The Scent of Spring time in Belgrade
Scent holds powerful memories. It’s well understood that our sense of smell can take us back in time and evoke memories of that place or person we associate with the scent. Stepping outside today in my yard in Australia, where it is now spring time, I immediately notice the heady scent of the Wisteria vines flowering over our pergola – yes, it’s one of those scents I have associated with spring at home, even though Wisteria isn’t a native plant. It is the scent for me that characterises warm days ahead, including lazy weekend afternoons spent outside with evening barbeques all under the very same pergola. Minus the mosquitoes who try to barge in on our beautiful scenario, and which we effortlessly try to keep away with all kinds of natural and not so natural methods.
The scent of linden flowers is unforgettable in Belgrade
When we visit Belgrade, we stay at my mother in law’s apartment near the Sava river in Novi Beograd (New Belgrade). In spring, the scent I notice the most is that of the Linden trees which are pretty much everywhere you go here.
That beautiful heady scent intoxicated my senses and promises serene walks along the Sava river’s Corso after a late lunch. It also reminds me of extended coffee sipping chats (or rakija) with family/friends along one of the many splavs (floating café/restaurants) which dot the river bank. This scent is also coupled with the joyful sound of children playing in the apartment block playgrounds after the long green grass has been mown. My mother in law warned our children not to go in the long grass because of krpulje or ticks. You should see them sidestep, or should I say jump, the longer grassed areas! Growing up in Australia, they know too well of the dangers of small, unseen insects and arachnids!
Serbs make tea from dried linden flowers, and it is readily available at grocery stores and pharmacies. The reported health benefits of drinking linden tea include relief from high blood pressure, colds/phlegm, insomnia and nervousness, headaches, fever, incontinence and muscle spasms. It can be also used to increase sweating and urine production (source: Web MD)
Actually, in Serbia, it isn’t unusual for doctors to prescribe the use of herbal medicines alongside with pharmaceutical medicines. Tea time, as is done in the West, is not part of Serbian custom. In fact, Serbs usually drink herbal teas – and there are 100’s of them – when they wish to enhance wellness. It isn’t drunk as an alternative to coffee. And to drink tea with milk? Obscene!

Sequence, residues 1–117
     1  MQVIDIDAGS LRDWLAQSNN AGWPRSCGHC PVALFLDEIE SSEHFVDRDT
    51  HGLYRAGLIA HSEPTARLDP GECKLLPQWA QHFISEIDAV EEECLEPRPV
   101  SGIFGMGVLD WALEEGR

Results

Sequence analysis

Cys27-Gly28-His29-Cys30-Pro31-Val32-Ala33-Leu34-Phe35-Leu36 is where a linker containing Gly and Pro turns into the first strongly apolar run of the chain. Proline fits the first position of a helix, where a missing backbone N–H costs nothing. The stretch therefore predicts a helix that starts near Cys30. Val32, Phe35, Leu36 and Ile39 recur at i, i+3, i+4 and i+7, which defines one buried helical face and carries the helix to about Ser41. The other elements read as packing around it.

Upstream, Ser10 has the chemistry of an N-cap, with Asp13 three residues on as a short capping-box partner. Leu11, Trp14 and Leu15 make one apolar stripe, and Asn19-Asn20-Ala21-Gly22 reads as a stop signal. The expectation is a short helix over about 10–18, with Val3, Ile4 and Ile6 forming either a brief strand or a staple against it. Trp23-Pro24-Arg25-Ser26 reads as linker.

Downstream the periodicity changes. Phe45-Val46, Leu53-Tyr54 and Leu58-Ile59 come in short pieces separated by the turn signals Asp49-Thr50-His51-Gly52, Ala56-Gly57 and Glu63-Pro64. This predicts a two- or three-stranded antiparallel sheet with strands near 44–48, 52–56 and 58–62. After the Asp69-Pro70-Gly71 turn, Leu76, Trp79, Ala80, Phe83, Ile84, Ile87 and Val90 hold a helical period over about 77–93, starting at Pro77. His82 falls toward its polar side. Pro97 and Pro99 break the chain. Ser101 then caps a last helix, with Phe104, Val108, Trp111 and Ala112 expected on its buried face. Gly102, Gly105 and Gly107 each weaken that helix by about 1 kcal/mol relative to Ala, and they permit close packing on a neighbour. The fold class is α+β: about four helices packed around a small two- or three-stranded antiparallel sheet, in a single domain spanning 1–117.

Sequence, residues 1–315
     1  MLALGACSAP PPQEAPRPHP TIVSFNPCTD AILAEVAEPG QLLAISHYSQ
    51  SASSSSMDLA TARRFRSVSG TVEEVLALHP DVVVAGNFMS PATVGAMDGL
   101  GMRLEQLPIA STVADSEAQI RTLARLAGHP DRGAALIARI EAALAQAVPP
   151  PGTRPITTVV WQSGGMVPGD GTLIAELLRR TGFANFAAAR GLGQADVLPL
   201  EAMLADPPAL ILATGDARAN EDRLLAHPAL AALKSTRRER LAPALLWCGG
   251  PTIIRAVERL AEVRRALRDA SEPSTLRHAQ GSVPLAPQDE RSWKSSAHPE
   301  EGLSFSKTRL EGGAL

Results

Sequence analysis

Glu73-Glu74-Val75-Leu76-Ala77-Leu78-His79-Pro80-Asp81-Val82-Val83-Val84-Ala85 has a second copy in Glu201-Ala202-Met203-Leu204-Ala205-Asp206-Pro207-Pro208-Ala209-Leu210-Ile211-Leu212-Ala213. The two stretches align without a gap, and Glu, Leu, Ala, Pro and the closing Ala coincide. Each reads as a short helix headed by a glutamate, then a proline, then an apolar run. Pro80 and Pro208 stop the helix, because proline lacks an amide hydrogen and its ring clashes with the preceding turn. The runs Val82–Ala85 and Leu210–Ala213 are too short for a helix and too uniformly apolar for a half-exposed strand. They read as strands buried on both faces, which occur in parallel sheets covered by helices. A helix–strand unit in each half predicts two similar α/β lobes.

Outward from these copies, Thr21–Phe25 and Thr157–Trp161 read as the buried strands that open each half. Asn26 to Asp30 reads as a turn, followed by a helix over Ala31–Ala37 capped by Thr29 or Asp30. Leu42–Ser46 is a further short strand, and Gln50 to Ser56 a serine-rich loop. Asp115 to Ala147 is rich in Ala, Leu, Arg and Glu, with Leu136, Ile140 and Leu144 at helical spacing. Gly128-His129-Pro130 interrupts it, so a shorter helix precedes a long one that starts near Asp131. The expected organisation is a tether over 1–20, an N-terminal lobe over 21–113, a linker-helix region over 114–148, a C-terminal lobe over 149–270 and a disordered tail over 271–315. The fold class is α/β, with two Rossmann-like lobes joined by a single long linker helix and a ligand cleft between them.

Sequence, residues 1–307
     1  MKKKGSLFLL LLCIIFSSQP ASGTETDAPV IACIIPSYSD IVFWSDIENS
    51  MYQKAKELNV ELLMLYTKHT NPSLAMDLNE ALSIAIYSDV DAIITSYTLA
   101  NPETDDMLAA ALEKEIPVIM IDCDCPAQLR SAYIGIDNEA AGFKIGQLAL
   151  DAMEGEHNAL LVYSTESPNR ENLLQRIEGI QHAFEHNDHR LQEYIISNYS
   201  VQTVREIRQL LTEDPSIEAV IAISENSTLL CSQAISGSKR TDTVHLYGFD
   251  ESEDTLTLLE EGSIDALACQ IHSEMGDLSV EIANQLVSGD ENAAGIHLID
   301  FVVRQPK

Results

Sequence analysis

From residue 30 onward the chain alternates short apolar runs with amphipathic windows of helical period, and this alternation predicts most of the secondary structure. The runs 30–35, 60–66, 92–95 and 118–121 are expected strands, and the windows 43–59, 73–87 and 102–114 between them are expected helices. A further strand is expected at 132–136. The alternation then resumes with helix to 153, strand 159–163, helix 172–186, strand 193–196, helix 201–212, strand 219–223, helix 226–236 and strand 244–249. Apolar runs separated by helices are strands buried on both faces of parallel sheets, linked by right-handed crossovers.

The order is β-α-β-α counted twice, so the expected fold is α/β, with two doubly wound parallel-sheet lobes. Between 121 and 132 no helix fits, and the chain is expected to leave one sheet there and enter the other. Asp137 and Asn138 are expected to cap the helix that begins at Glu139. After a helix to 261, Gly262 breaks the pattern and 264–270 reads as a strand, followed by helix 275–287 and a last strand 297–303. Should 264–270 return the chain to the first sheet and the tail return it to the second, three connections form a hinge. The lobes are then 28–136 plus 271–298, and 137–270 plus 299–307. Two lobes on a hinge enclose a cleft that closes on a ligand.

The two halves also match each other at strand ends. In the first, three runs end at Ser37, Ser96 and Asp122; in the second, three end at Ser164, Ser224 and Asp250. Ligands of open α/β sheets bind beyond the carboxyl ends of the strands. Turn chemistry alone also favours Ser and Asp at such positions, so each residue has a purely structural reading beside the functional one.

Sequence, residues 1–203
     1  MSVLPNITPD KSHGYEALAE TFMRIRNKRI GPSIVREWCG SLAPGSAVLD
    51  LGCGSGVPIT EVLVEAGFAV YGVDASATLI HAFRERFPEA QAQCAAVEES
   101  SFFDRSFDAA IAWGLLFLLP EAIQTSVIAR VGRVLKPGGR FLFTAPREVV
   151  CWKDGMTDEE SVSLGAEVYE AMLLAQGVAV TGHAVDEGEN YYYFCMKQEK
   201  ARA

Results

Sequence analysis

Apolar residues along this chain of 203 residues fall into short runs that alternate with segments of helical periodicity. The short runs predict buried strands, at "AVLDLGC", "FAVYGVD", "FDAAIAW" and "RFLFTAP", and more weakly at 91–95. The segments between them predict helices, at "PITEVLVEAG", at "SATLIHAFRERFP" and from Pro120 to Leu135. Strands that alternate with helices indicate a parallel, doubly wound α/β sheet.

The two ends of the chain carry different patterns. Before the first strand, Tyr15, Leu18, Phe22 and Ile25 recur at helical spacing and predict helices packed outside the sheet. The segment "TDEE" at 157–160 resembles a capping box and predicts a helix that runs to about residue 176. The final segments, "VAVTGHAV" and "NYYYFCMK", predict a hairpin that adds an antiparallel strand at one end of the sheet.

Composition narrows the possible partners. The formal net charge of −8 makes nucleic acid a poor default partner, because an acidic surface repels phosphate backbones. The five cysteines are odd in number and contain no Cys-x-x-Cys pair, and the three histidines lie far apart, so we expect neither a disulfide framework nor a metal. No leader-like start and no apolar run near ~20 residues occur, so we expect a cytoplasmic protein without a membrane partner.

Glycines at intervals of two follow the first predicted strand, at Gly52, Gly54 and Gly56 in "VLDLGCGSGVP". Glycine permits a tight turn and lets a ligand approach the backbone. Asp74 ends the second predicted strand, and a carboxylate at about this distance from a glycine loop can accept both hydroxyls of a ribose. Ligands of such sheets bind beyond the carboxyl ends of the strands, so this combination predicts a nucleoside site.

Belgrade is a green city
Belgrade is one of the most green cities in Europe and you will find a park area within walking distance wherever you go. I remember how green Belgrade looked from up in the air as we approached landing at Nikola Tesla Airport. There are quite a few green spaces in Belgrade. But the one that I will put into focus today, is the oldest public park and my favourites – the Topčider Park.
The oldest, and one of the most beautiful park areas in my opinion, is the Topčider Park. When I first saw this park, I just couldn’t describe in any other word but “divine shades of green”! This park is located about 5 km away from the city centre. Surrounded by the hills of Košutnjak forest making it a beautiful place to visit during the spring. This area once had the wealthy families in Serbia build their weekend homes and vineyards in the area. A beautiful place to bring a packed lunch or picnic, sit under the many trees and laze away the afternoon.
The kids have plenty of room to run around and the Serbs don’t mind kids letting of a bit of steam. My kids are quite playfully noisy and drew lots of smiles from the locals. Serbs consider spirited children to be ‘healthy’ so don’t stress if your kids are loud, as you might in say Australia or other Western countries. At first, I was worried, but when I stopped to listen, other kids were being just as noisy. Here I was running after them, “shushing them”, when my mother in law asked me “why do you keep doing that? They are kids! “. Seriously, why DO I keep doing that? The kids only get louder when I do, as some form of protest. When I let go, so did they. It felt liberating!
Topčider Park’s history goes back to 1831 when Prince Miloš Obrenović built his property here, Milošev Konak (or Miloš’s Mansion), which is open to the public and also features a restaurant if you want to stop and have a bite to eat or a cafe break.
I love spending time in Belgrade during spring only to return back to Australia, as we did this year, and to have a spring start all over again. I feel blessed to be able to do this because I get to watch nature waking up so soon again after her slumber during winter. But mostly during this time, I reflect back on my memories in Belgrade and feel the pang of longing to return back in time for the next flowering of the beautiful linden trees.
Want to know more about the green spaces in Belgrade? Visit Belgrade.net.com for more information.